Luke 23:23-25  (MSG) But they kept at it, a shouting mob, demanding that he be crucified. And finally they shouted him down. Pilate caved in and gave them what they wanted. He released the man thrown in prison for rioting and murder, and gave them Jesus to do whatever they wanted.

We are fast becoming a culture of quick fixes.  Feeling a little bit down?  Take a pill.  Worried about that upcoming job evaluation? Take a pill.  Got a few aches and pains?  Take a pill. None of us like to suffer, either physically or emotionally pain.  We don’t like to hurt. We would that life should be pain-free, and when it’s not we resort to medication or other quick fixes to relieve our situation. Sometimes it’s necessary to work our way through the suffering itself in order to come to a place of wholeness. Emotional health is not always about easing the symptoms, but can also be about learning how to work through the problems that helped create those symptoms. And that can mean for a time passing through the valley of the shadow in our lives. We hear something of that same wisdom in the words of Jesus: “Truly I tell you, unless a grain of wheat falls into the earth and dies, it remains just a single grain; but if it dies, it bears much fruit” (John 12:24).

Certainly this is part of what this season of Easter (Resurrection) is all about.  Out of the pain and suffering of Good Friday afternoon comes new life on Easter morning.  From what seems for all the world like death, emptiness, and meaninglessness, something new can and does emerge. And indeed, were it not for that pain and suffering of Friday afternoon from 6AM til 9AM (Luke 23:44), we would not have Easter Sunday morning.  We simply cannot go from Holy Thursday to Easter Sunday without passing through Good Friday. We’ve all experienced those Good Friday times in our lives. Perhaps we’ve known it huddled under the wet blanket of depression when it feels like we have nothing to live for, no hope, or future. Or maybe we’ve experienced that Good Friday while in the depths of our grief, when it feels like we’ll never know joy or laughter again.  Or maybe our Good Friday comes in the form of a crippling anxiety, a worry that simply won’t go away, a fear that we can’t quite put our finger on and from which we can find no relief. However we’ve known it, Good Friday is a familiar place for many of us. And what do we do when we find ourselves there?  Look for the quick fix?  Or work our way through the pain, through that valley of the shadow, into new life?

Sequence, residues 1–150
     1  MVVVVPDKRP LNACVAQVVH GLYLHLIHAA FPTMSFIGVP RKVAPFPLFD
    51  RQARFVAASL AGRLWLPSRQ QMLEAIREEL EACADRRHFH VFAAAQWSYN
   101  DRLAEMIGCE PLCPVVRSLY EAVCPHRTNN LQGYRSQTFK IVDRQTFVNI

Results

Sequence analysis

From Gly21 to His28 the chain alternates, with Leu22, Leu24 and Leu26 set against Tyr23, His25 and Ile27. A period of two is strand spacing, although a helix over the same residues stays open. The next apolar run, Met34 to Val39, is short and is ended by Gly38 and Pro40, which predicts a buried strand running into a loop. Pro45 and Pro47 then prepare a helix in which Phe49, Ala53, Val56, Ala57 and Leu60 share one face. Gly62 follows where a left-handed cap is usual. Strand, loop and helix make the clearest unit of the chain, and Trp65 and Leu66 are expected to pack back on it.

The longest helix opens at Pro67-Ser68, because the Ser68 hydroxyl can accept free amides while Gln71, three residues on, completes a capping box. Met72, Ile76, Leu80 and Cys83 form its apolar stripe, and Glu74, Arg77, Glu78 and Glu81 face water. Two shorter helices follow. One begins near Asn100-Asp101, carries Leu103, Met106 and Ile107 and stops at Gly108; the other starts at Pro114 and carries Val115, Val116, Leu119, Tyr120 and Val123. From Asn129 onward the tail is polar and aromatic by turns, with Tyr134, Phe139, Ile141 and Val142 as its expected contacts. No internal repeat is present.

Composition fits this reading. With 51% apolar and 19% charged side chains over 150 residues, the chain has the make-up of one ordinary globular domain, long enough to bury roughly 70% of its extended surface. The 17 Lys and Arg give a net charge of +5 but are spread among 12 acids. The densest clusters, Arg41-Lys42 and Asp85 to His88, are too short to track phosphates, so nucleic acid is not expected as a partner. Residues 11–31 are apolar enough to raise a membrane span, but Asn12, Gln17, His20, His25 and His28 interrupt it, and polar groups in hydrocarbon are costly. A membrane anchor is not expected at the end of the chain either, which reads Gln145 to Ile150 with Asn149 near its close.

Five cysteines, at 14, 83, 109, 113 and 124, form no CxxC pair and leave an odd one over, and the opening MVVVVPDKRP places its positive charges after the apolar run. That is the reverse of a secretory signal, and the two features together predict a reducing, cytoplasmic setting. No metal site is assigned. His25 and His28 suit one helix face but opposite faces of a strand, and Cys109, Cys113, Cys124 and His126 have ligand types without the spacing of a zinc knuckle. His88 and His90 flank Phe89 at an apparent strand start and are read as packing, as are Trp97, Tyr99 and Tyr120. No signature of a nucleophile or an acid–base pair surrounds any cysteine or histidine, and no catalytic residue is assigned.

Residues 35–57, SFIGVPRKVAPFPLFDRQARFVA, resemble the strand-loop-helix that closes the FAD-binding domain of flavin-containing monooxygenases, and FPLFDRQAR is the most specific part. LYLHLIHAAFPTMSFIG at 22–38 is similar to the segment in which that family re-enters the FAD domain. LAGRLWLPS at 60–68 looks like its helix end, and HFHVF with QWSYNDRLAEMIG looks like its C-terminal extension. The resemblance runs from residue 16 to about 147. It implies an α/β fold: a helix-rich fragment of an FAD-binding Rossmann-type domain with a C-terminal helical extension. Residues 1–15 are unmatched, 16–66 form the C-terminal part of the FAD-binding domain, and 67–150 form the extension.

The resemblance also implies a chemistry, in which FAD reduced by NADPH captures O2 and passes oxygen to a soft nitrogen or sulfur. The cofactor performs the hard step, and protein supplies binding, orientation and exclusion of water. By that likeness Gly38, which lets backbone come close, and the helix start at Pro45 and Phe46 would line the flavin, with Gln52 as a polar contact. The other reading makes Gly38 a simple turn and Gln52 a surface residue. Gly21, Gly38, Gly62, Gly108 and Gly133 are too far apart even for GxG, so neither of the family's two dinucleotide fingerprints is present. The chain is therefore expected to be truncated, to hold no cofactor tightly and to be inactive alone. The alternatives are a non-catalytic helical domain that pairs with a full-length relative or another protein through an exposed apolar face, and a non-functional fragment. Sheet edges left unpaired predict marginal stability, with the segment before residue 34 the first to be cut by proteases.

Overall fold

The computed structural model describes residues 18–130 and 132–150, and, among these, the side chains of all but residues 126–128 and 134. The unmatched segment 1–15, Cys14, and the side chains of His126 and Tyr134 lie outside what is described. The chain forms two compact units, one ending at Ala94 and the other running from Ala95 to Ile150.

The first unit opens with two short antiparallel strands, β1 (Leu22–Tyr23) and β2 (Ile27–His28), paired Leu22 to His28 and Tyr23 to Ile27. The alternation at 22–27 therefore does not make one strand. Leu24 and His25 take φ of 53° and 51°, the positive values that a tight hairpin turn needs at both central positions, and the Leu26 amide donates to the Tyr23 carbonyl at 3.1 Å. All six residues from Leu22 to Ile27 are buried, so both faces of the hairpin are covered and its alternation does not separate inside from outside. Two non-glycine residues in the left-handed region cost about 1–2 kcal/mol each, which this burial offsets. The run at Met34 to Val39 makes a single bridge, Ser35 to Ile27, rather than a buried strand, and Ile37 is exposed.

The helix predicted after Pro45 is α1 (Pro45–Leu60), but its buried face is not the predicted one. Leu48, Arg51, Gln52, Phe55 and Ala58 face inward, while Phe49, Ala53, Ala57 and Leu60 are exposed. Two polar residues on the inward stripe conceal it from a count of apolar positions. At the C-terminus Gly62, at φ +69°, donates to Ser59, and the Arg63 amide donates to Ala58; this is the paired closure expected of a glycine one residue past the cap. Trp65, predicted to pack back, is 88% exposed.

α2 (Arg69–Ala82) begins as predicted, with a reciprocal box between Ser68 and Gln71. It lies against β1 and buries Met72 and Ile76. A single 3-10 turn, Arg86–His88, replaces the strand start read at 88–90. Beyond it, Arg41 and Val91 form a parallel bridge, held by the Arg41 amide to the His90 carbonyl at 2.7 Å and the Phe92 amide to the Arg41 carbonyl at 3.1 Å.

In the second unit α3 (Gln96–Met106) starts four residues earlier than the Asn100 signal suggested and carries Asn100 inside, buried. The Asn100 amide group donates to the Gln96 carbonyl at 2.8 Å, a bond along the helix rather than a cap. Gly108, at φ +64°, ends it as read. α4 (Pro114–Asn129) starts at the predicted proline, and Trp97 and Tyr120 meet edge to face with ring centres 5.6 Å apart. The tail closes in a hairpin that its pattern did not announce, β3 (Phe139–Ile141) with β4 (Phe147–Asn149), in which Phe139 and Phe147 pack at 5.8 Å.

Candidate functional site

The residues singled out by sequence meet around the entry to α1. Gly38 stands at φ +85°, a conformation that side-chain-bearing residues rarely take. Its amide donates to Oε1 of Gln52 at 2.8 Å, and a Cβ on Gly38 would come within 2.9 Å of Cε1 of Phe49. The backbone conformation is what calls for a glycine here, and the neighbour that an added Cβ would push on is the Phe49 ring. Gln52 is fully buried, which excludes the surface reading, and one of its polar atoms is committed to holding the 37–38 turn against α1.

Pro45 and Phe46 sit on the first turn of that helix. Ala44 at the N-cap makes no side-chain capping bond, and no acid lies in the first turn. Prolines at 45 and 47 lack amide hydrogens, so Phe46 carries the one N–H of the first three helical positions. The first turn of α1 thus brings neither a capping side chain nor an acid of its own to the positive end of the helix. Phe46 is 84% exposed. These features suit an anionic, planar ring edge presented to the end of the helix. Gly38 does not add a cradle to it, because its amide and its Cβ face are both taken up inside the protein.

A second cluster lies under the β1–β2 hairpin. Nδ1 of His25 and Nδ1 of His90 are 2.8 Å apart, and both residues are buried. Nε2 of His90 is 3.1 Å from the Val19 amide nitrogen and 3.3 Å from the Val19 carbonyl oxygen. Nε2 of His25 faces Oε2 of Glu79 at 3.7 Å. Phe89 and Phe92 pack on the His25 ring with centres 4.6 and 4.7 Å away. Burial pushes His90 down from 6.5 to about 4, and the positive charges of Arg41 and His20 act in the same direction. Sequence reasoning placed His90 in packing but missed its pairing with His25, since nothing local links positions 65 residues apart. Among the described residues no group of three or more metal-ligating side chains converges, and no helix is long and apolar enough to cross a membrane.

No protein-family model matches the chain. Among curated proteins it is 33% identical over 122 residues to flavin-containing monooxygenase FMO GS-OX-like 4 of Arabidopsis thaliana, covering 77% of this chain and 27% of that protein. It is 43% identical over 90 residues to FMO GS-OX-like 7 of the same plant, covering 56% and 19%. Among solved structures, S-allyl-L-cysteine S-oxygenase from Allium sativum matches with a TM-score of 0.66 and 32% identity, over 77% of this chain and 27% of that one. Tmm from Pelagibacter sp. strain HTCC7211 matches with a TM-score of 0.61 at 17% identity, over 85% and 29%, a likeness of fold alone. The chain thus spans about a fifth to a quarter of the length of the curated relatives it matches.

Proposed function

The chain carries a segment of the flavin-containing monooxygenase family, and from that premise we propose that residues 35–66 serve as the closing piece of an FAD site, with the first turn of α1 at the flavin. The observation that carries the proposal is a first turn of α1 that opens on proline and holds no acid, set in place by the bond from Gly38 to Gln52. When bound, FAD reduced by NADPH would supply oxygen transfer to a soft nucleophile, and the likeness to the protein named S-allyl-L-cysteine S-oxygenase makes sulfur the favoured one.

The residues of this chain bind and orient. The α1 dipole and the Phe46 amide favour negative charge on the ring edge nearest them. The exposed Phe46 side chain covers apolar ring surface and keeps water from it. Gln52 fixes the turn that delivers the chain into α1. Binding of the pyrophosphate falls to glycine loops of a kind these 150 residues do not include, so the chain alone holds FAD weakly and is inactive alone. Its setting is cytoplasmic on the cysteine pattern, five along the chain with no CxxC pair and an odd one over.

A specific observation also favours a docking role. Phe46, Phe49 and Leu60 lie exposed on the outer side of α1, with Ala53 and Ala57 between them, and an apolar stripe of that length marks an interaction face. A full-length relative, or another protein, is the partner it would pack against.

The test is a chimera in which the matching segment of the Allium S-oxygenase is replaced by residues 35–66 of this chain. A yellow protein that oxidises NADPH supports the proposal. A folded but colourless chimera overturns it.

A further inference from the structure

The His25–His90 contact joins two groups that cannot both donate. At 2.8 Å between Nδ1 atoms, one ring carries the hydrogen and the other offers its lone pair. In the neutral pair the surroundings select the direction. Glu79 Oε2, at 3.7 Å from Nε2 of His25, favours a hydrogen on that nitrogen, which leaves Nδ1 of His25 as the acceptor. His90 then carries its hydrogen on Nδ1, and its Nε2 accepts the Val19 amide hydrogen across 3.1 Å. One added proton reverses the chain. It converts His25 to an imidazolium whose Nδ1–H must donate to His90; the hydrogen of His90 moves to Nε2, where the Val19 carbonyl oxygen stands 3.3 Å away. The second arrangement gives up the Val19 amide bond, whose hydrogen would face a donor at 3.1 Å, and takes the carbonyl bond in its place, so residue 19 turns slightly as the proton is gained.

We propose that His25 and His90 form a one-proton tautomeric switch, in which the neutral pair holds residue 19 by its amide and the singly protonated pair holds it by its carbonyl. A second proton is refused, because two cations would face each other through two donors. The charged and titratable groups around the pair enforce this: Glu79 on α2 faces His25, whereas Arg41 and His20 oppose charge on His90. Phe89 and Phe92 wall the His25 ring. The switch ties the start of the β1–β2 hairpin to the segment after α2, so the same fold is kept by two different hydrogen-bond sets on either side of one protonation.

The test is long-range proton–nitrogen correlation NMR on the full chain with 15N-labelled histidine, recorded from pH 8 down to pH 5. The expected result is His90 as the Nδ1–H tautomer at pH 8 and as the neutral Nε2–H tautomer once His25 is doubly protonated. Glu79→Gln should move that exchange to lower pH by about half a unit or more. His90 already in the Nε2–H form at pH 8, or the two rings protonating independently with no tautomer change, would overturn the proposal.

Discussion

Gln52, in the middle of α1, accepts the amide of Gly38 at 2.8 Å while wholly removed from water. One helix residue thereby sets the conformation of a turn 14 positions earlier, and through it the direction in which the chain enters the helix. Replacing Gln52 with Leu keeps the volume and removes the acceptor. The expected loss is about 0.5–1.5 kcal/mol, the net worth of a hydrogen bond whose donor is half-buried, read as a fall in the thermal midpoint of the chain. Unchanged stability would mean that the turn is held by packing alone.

The empowerment word for us is that, while we may pass through those Good Friday times, we don’t have to remain there. We can and do emerge into our own Easter (Resurrection) mornings.  No matter how great the pain or how deep the despair, one of the few constants in our lives is change and transformation.  The challenge for us comes in learning the lessons of our experience. It’s not always easy, but it is possible. Can anything good come from depression, or anxiety, or grief, or trauma?  It may not seem so when we’re caught in our Good Friday worlds. Sisters and brother I assure you by the power of the Holy Spirit, Easter morning can and does happen for the child of God!

Have a Great Resurrection Weekend with your family and friends!

Elder Baker

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